I’ve even made sure to teach my kids about the wisdom of having ‘talking points’ literally written down and committed to memory when anticipating potentially stressful discussions. If they know key things they want to mention, they’re more likely to be able to work those things into the conversation. Just a few keywords jotted down in the notes section on a mobile phone can prevent regrets about forgetting to bring up things they wanted to talk about in an important conversation.

Life has few guarantees

In my little family we have a lot of experience with things not going as planned. The two biggest are that we never expected my husband to be killed by a drunk driver, and I never planned to get stricken with an uncurable, debilitating disease. There was not much that could have been done to prepare for those things ahead of time.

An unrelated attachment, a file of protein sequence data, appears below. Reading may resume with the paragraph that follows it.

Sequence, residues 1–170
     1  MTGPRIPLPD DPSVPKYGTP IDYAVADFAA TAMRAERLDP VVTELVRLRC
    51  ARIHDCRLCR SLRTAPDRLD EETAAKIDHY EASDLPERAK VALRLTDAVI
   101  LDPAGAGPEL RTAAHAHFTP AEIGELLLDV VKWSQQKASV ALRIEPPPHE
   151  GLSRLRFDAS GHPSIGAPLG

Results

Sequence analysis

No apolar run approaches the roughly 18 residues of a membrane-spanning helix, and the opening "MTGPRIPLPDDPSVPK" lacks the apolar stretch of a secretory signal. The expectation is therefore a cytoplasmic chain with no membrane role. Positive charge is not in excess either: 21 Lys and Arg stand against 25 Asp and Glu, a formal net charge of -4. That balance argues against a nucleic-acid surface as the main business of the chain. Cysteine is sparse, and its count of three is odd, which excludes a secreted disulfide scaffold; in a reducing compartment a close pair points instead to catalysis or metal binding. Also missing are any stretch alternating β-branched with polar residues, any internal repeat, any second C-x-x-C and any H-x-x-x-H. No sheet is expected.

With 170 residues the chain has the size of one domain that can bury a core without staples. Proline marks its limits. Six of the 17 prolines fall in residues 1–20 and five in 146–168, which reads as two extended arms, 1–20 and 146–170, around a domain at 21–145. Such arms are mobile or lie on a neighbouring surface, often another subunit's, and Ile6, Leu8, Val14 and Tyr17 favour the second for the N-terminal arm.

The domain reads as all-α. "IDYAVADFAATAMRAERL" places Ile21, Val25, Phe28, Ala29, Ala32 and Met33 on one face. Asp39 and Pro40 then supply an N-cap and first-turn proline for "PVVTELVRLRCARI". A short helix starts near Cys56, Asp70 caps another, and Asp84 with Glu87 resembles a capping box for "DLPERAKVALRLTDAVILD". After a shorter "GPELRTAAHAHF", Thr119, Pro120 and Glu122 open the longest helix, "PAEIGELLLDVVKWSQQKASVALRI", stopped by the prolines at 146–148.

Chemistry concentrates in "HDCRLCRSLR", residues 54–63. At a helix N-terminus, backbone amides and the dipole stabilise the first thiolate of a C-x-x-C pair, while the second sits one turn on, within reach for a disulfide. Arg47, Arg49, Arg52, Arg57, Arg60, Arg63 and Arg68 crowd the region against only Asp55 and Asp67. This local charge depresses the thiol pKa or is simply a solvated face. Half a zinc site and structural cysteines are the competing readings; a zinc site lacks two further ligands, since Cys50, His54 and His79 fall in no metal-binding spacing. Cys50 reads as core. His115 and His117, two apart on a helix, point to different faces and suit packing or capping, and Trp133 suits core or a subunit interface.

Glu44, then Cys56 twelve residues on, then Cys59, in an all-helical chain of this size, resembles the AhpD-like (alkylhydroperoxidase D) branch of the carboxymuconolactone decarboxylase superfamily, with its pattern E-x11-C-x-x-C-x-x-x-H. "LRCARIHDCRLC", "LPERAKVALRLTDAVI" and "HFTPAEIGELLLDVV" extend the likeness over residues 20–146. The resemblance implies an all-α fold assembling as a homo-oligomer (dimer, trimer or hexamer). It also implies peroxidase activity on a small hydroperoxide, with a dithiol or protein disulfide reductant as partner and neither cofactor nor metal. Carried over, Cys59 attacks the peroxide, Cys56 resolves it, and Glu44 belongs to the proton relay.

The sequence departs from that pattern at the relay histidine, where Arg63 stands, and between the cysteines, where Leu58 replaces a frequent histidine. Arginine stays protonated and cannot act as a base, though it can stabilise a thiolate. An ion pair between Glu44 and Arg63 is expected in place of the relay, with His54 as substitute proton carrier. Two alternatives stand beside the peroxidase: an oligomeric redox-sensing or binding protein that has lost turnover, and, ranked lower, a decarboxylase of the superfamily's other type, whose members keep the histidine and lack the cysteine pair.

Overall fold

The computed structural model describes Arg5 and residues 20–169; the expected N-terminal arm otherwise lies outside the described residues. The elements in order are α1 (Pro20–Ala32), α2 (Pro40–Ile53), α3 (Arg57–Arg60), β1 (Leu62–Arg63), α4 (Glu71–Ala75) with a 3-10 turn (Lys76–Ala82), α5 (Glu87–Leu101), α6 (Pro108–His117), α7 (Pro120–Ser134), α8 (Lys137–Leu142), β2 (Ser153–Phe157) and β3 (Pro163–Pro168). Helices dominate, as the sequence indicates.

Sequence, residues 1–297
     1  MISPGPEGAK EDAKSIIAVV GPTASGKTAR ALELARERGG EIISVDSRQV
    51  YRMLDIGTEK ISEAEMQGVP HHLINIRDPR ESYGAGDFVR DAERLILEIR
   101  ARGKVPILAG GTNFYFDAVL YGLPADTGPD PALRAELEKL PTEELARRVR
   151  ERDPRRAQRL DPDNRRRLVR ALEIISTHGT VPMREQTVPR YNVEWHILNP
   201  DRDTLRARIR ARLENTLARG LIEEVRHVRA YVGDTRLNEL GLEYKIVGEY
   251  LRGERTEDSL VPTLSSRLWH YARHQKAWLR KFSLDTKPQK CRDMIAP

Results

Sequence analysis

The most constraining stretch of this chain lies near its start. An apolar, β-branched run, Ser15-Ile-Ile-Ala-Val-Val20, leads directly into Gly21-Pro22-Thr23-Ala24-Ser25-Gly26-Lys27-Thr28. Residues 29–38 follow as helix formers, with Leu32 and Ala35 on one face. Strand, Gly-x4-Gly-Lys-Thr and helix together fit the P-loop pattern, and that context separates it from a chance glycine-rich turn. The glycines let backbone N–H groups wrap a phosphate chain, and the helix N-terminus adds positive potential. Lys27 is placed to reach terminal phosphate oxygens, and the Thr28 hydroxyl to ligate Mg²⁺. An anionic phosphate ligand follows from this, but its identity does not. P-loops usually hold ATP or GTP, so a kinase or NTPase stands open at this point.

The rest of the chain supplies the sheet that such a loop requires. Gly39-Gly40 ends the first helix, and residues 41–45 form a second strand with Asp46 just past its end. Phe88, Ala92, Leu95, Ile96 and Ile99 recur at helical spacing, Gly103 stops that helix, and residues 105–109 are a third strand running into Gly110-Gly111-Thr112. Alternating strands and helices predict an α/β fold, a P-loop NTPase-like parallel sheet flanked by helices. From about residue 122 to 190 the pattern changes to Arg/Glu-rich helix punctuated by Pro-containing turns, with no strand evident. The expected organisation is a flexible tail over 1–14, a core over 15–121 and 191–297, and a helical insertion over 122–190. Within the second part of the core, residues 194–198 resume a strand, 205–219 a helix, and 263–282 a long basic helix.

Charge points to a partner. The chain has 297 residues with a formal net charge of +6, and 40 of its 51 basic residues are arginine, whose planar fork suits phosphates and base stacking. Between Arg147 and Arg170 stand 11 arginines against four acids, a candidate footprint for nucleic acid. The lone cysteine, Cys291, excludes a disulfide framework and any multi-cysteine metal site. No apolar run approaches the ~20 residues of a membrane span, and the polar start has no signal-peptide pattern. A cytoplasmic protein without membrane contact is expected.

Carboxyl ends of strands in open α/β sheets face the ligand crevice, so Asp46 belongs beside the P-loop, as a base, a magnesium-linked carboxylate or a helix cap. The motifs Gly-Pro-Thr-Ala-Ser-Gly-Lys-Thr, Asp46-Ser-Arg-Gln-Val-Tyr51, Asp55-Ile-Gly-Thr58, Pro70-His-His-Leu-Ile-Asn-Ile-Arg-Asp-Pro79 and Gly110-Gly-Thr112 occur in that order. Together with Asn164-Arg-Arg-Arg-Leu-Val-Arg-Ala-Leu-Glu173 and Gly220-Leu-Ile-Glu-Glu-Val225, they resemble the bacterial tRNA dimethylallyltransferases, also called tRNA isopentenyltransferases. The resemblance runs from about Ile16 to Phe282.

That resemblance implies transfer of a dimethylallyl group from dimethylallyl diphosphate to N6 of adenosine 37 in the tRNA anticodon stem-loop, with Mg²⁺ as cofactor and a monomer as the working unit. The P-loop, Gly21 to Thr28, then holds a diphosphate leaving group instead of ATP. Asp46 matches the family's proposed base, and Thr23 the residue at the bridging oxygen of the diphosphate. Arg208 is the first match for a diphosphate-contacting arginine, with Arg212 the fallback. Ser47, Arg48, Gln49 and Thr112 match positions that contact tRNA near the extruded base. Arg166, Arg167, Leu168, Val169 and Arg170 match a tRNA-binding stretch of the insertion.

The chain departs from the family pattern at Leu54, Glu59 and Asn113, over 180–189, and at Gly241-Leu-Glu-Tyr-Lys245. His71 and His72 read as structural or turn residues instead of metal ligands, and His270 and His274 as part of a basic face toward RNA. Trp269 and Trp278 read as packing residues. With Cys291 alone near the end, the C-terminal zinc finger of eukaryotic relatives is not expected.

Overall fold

But even the most carefully pondered decisions can ultimately lead to consequences and results totally different from what was hoped for or expected. The result can even be some kind of complete failure.

Whether you’re 5, 15, 25, 50 or any other number on the calendar of your life, things are not always going to go your way. What we perceive as failure can actually lead to change and triumph. When we stumble, we can either accept defeat or aspire to meet another challenge. We can be ashamed, or we can be brave and bold. It’s a difficult lesson to learn and I think some people go a lifetime without really coming to that realization.  That’s why I think it’s so important we try to make our kids understand and internalize that truth.

They have to understand that there are very few life and death decisions or choices to be made in life. The short list includes: